BLAIS Presentations at Radical Archives Conference

Barnard Digital Archivist Martha Tenney and Zine Librarian Jenna Freedman presented at the Radical Archives conference at NYU on April 11, 2014. They were on the Disrupting Standards, Remaking Interfaces panel.

Martha's talk was Digital Approaches to Archival Absence
What role can a college archives play in the representation of an institution’s past and present? How can archivists make accessible the history of a place, in all its complex, and often troubling, fullness? Can we avoid tokenization while allowing space for speech from the margins of our past? As Barnard nears its 125th anniversary, the Barnard Archives and Special Collections is embarking on a digital program to provide broader and deeper access to its collections. Canonical narratives about Barnard, recorded in secondary sources and reinforced in the folklore of the college, are necessarily limited, and researchers hoping to find--for example--the early histories of women of color at Barnard are often faced with archival silences--absences instituted during the creation of the records, then reinscribed during archival selection and appraisal. If we digitize according to the same logic of the existing collections, we run the risk of reinforcing these original absences. This talk discusses some potential strategies to surface marginalized narratives in a digital collections environment.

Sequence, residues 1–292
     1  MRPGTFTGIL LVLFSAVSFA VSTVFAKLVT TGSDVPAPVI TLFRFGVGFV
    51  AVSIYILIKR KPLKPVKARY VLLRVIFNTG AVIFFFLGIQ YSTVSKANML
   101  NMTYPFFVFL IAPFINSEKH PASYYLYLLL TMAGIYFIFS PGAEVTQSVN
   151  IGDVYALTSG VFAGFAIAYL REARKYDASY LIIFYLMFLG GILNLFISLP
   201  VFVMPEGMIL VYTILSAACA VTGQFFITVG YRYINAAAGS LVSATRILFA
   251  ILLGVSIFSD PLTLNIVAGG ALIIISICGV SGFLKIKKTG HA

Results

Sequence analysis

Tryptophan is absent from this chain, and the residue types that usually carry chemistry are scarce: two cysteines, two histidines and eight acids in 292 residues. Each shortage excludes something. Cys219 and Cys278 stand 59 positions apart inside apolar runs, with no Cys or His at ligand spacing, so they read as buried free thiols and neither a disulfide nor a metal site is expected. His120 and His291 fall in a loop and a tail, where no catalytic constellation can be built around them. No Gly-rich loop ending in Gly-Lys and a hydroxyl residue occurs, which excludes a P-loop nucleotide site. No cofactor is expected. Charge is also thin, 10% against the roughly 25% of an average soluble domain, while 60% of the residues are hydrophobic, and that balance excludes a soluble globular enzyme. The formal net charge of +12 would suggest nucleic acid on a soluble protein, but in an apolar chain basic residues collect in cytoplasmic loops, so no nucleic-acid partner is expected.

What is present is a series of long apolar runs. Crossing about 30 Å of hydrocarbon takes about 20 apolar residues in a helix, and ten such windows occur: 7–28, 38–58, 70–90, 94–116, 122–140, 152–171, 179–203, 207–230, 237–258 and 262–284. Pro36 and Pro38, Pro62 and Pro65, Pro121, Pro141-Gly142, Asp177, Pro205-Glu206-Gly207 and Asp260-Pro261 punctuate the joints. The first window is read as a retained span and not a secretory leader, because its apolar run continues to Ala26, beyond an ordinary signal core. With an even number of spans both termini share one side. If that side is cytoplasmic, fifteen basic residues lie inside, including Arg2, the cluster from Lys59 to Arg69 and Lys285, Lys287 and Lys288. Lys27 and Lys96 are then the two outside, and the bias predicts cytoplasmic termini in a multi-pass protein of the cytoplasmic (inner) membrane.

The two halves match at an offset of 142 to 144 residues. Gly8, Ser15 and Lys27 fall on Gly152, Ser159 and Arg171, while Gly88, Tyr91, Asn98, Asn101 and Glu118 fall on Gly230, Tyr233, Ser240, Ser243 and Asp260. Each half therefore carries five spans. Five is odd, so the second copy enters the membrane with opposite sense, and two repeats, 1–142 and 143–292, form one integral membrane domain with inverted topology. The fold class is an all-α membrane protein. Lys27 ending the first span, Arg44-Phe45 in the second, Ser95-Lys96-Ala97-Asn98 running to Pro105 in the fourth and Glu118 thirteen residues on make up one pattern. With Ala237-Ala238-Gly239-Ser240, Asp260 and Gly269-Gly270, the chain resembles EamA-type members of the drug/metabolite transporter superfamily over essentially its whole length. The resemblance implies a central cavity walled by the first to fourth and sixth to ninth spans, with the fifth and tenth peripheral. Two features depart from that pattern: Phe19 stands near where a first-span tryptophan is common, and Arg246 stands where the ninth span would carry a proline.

Jenna's was The Feminist Archives Ethics Into Practice: Privileging Creators
Barnard Zine Library policies and procedures are intended to be responsive to and reflective of zine community ethos. Honoring a zine maker's request to remove her zine from one's collection can provoke ethical fisticuffs in a zine librarian/librarian zinester's heart. To whom is the feminist archivist of living authors' materials more responsible, the authors themselves or researchers from the future? And to distant researchers? If we want the voices represented in the Barnard Zine Library--default female, as often as not queer, often young, usually radical, women of color emphasized, etc.--to be part of the archival narrative of the late 20th/early 21st century is it a mistake to privilege the zines' creators wishes? As Kate Eichhorn posits in The Archival Turn in Feminism can "…item-level cataloging of marginal materials holds more potential for subversion than simply digitizing the same materials." even for remote users of our collection? This paper will explore how, influenced by our location in an institution peopled by faculty and scholars that integrate intersectional feminisms into their lives and work, it is ultimately reasonable to have a creator-centric philosophy inform our decision-making.

Barnard professor Tina Campt (Africana {chair} and Women's, Gender and Sexuality Studies) also presented at the conference. Her talk was Hands in/on the Archive: the Fugitive Touch of Archival Photography.